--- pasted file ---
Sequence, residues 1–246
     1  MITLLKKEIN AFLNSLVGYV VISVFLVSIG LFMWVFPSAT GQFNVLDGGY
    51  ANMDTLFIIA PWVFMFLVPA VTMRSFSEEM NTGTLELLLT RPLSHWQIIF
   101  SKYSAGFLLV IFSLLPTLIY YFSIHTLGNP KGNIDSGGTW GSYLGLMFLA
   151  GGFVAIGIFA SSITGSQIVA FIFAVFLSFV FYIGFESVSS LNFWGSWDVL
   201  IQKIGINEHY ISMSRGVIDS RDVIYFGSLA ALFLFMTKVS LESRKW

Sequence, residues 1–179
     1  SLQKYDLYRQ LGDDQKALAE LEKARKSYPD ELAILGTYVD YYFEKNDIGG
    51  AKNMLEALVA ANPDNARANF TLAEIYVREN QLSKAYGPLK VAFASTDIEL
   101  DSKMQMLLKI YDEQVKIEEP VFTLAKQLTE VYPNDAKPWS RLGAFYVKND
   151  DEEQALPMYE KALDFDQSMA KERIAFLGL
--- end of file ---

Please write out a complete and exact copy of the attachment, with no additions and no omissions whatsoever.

Sequence, residues 1–246
     1  MITLLKKEIN AFLNSLVGYV VISVFLVSIG LFMWVFPSAT GQFNVLDGGY
    51  ANMDTLFIIA PWVFMFLVPA VTMRSFSEEM NTGTLELLLT RPLSHWQIIF
   101  SKYSAGFLLV IFSLLPTLIY YFSIHTLGNP KGNIDSGGTW GSYLGLMFLA
   151  GGFVAIGIFA SSITGSQIVA FIFAVFLSFV FYIGFESVSS LNFWGSWDVL
   201  IQKIGINEHY ISMSRGVIDS RDVIYFGSLA ALFLFMTKVS LESRKW

Sequence, residues 1–179
     1  SLQKYDLYRQ LGDDQKALAE LEKARKSYPD ELAILGTYVD YYFEKNDIGG
    51  AKNMLEALVA ANPDNARANF TLAEIYVREN QLSKAYGPLK VAFASTDIEL
   101  DSKMQMLLKI YDEQVKIEEP VFTLAKQLTE VYPNDAKPWS RLGAFYVKND
   151  DEEQALPMYE KALDFDQSMA KERIAFLGL